THE Grains Council of Australia (GCA) has warned that a decision about Australia¹s wheat export mark

30 Mar, 2007 08:45 PM

Mr Jones said it was important that farm lobby groups looked to the future during the current wheat marketing debate and avoided dwelling on the past, in order to find alternatives and solutions.

³My message here is to not ignore younger farmers,² he said.

³If you do ignore them or shout them down, they will switch off and you will lose them as members or potential members.

³Young farmers need to be listened to and their contribution respected, because they are the future of the industry and the future of your organisation.²

Mr Jones said the Australian grains industry faced further disruption over wheat marketing.

The GCA was at the forefront of possibly the most important upheaval in the wheat industry since the end of compulsory acquisition in the late 1980s.

³As I¹ve said since the start of the Cole Commission of Inquiry, change is inevitable,² Mr Jones said.

³In fact we have already seen considerable change, with the granting of bulk export consents to Wheat Australia for the Iraq market almost a year ago and the amendments to the Wheat Marketing Act in December last year.

³It¹s a divisive subject but we have to work hard to find common ground.

³We have to be capable of focusing on the financial sustainability of grain producers.

³And we have to look to the future and not to the past for answers.²

Mr Jones¹ comments came as the Wheat Export Marketing Consultative Committee (WEMCC) prepared to present its recommendations about Australia¹s wheat marketing future to the Federal Government.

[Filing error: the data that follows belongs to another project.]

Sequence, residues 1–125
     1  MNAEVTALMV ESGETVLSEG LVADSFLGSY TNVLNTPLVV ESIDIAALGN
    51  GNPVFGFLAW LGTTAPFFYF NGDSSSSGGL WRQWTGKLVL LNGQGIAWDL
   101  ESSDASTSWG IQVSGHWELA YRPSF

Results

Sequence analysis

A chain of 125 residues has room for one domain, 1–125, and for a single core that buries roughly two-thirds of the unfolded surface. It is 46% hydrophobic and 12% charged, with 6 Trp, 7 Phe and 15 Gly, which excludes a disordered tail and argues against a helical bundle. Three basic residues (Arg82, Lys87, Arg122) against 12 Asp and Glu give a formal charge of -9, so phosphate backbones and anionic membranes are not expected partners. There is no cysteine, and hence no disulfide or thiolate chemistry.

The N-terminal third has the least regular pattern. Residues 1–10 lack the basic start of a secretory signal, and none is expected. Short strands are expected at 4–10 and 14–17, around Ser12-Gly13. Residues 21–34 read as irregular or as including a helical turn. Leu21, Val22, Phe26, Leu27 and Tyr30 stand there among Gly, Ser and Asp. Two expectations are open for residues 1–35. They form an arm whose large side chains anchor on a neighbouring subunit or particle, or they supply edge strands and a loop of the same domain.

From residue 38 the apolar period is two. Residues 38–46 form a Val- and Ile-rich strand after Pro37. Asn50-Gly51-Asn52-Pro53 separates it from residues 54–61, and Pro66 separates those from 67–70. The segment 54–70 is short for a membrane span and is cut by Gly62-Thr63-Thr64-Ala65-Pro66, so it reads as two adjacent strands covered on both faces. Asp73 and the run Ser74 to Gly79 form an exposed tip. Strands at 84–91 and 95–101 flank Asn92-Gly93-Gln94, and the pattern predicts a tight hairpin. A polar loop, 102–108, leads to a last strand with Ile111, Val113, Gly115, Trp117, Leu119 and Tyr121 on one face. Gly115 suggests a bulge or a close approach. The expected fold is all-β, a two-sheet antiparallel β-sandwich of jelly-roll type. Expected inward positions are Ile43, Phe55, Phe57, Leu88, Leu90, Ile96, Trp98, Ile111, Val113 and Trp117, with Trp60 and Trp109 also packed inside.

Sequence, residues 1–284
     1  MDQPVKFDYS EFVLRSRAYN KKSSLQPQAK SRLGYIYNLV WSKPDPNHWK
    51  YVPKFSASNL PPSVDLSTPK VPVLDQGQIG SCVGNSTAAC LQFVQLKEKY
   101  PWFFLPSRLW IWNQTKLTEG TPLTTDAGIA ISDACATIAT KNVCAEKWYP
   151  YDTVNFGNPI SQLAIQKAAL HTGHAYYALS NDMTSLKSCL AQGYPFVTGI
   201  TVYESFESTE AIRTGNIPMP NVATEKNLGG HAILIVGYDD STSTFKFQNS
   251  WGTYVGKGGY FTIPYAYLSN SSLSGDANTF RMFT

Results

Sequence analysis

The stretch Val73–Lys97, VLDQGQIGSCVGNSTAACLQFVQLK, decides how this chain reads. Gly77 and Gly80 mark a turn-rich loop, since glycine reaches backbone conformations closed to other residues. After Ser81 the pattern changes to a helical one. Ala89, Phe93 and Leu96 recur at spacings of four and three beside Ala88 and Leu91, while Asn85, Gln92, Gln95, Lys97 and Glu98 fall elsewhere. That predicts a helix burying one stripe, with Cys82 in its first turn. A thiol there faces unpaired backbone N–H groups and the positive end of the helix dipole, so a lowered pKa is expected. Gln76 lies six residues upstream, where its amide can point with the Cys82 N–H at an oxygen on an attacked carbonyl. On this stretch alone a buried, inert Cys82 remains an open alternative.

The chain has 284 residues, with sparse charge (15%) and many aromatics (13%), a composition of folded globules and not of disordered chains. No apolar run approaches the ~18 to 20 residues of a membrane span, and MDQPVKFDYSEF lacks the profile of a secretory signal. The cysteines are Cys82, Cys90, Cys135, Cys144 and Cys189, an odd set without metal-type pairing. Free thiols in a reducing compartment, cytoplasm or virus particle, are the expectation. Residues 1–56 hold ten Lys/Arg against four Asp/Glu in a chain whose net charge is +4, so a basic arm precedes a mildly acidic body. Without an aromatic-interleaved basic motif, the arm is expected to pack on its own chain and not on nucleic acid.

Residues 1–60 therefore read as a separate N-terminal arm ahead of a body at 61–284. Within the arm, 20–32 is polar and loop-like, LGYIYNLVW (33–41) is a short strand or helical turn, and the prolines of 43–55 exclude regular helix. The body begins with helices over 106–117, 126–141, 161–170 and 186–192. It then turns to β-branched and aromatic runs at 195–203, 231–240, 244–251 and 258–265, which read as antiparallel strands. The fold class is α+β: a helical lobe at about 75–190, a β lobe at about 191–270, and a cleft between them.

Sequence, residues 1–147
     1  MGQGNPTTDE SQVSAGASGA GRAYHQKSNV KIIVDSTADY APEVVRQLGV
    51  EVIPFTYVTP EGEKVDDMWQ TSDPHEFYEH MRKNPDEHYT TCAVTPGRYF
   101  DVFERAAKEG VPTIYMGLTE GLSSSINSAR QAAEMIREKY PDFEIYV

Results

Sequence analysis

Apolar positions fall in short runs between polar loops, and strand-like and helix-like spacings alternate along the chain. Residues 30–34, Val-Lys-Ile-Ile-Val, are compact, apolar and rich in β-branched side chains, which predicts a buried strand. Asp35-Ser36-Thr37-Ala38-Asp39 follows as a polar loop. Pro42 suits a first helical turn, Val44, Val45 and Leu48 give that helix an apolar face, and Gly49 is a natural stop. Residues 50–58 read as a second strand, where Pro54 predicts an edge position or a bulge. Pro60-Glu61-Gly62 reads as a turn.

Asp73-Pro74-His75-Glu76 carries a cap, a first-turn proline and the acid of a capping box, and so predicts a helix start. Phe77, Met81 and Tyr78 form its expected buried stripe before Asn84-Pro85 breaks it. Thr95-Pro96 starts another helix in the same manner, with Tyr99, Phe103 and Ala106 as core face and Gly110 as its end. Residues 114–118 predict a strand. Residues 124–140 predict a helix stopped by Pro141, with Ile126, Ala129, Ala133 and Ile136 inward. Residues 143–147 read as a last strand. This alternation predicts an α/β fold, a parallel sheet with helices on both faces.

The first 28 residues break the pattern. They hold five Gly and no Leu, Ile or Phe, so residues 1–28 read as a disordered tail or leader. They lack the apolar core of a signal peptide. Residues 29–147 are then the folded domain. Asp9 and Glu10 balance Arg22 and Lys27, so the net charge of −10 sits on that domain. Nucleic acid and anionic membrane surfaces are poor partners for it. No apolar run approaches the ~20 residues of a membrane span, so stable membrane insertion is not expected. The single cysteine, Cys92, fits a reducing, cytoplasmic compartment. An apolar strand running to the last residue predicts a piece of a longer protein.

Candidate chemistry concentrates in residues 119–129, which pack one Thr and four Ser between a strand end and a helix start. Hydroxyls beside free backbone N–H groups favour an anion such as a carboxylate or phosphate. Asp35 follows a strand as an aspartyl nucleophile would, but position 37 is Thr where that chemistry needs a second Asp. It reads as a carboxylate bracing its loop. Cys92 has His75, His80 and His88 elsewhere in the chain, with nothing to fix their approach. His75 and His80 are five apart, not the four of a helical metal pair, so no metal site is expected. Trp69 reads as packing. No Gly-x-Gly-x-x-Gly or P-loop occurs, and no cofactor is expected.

The WEMCC spent last month consulting industry, and particularly growers, about export marketing needs and will deliver its findings on March 30.

Mr Jones was not asked to speak at the WAFarmers annual grains conference this week but his views were supported by the local lobby group.

His views were backed by outgoing WAFarmers Grains Council president Robert Doney, who will be replaced by 62-year-old Derek Clauson at the WAFarmers conference.

Mr Clauson will be elected unopposed at the WAFarmers annual conference to become the fourth president of its Grains Council in the past 12 months.

Mr Doney said young growers who wanted to change the current wheat marketing system should be free to put forward their views uninhibited.

³I support the comments of Murray Jones 100pc,² Mr Doney said.

³We have to listen to what young farmers are saying because they are the future of our industry.

³If the younger generation wants to modify the selling system that we have in place at the moment, then they should say so and shout it loud, because they are the ones who will be using it when the older farmers have gone or retired.²

Mr Doney said WAFarmers had put forward its views to the WEMCC and was promoting an alternative model to the single desk arrangements.

³We couldn¹t go on existing with the current system the way it was because it was costing growers too much money,² he said.

³This model takes into account the views of all WAFarmers members, not just the older growers.²

WAFarmers grains council executive officer Julian Breheny said a lot of younger farmers supported the single desk but more appeared to be in favour of deregulation.

Mr Breheny said grains council was a democratic organisation that had a number of members under the age of 40 and took on a wide range of views in its decision-making processes.

He said members of varying ages had participated in the approval process of the council¹s alternative single desk model.

Mr Jones warned that the WEMCC, which held more than 20 meetings across the country and received around 1000 submissions, could not afford to ignore the views of young farmers when making its final report.

He said the definition of single desk was causing problems in the debate.

³We already know from comments made by WEMCC chairman John Ralph, that the majority of those submissions have supported a Œsingle desk¹,² Mr Jones said.

³We also know from a recent interview with Mr Ralph that an age divide appears to have emerged, with growers under 35 ­ the future of the industry ­ backing major changes to the way wheat is exported.

³An important point I want to make that is central to the debate on wheat marketing is the definition of single desk.

³That¹s one of the problems facing your representatives as we put views to the Federal Government.²



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